COVID-19 cases in Wisconsin have risen by two-thirds in the past two weeks, to the state’s highest-recorded levels.
On Sunday, Wisconsin reported more than 1,550 new confirmed cases, a new record for the state. It’s also more cases than Minnesota, Iowa, North Dakota or South Dakota have ever reported in a single day. Nor is it an outlier — Wisconsin’s number of new cases has been rising for two weeks, while its number of new tests has remained flat.
Adjusted for population, Wisconsin is averaging more than 200 new cases per million residents, twice as high as Minnesota. Though a record for Wisconsin, Iowa and both Dakotas saw significantly higher rates in late August. Since late August, Iowa and South Dakota have seen their cases fall, while North Dakota continues to report high numbers of new cases per capita.
— David H. Montgomery | MPR News
Doctor’s COVID-19 videos offer calm in the pandemic storm:A rural Minnesota doctor gained an online following with his self-made videos sharing facts and advice about the coronavirus. Then, he shared news of his own diagnosis.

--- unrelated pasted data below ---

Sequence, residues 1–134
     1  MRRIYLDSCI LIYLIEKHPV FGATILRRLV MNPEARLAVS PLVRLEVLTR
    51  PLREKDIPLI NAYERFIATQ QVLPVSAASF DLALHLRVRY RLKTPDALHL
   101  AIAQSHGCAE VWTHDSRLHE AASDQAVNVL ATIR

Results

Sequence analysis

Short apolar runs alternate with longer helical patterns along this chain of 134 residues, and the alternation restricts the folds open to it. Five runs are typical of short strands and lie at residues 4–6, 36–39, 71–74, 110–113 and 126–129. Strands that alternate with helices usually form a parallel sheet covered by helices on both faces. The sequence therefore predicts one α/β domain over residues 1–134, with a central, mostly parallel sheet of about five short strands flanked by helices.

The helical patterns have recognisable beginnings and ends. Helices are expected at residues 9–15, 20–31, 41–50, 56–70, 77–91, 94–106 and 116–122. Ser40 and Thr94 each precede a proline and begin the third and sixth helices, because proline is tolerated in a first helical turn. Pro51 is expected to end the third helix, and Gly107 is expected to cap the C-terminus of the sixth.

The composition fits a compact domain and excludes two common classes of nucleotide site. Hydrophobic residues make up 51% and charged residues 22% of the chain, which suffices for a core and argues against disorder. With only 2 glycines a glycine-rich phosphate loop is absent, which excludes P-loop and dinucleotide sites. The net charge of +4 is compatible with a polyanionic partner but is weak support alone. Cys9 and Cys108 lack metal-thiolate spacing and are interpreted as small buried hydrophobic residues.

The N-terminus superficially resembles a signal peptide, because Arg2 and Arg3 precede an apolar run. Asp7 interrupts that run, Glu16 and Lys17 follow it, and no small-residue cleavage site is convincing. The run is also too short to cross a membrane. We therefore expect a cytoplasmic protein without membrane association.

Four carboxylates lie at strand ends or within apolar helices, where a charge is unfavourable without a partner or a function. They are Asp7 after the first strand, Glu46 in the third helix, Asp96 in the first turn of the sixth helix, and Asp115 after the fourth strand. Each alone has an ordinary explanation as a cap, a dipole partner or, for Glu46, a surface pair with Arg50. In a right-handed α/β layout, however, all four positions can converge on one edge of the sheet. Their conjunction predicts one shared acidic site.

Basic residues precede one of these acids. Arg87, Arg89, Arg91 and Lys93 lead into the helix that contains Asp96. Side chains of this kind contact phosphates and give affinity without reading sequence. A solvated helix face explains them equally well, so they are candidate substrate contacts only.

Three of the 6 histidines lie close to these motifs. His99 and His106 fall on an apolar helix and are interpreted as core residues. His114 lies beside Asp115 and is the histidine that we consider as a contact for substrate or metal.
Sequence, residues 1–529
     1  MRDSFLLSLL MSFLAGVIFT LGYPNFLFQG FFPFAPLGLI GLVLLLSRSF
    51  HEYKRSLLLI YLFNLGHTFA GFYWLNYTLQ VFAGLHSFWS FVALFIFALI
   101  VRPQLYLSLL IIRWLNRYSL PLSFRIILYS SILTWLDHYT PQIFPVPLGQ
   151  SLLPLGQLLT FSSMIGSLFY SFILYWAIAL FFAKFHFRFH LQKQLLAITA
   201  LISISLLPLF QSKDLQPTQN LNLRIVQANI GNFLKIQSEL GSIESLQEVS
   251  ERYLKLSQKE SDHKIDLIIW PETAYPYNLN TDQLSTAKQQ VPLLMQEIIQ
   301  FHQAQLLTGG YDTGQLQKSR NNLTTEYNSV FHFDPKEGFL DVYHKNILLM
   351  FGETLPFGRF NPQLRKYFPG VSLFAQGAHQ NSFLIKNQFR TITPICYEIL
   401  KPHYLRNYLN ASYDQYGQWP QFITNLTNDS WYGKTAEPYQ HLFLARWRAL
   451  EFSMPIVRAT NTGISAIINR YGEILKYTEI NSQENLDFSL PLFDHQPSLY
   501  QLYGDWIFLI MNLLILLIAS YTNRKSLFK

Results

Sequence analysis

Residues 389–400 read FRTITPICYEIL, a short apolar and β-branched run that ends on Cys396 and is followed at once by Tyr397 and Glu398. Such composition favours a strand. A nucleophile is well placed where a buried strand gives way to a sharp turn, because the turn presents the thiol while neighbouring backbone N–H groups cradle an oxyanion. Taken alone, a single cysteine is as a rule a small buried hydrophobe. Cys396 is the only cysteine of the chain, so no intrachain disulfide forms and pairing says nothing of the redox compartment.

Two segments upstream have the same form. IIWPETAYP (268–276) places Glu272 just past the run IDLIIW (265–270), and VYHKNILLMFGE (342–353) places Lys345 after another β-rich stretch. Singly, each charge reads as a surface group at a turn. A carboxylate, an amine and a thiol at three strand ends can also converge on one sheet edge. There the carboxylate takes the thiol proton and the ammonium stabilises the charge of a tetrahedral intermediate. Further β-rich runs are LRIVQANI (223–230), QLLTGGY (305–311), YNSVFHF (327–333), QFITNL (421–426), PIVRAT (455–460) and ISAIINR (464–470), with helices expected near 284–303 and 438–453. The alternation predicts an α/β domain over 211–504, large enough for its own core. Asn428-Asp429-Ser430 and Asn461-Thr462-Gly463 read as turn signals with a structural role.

Zach! Zak! Zack! U's newest student club pledges humor, hope during pandemic: COVID-19 has made it tough to build community on college campuses. A University of Minnesota student started a new group to help with that. The only qualification to join? Your name must be Zach (alternative spellings grudgingly accepted).
U of M students move in, and test the latest COVID-19 measures: In addition to pushing back move-in day, the university instituted a strict, four-step process for students who live in dorms on the Twin Cities, Duluth and Rochester campuses. First, they’ll spend at least 10 days living and learning almost exclusively inside the residence halls and are told not to visit other dorms, businesses or off-campus residences. For nearly a month, they’ll have a 9 p.m. curfew.
To read the original articles and see related COVID-19 reporting, follow this link to the MPR news website. https://www.mprnews.org/story/2020/09/16/latest-on-covid19-in-mn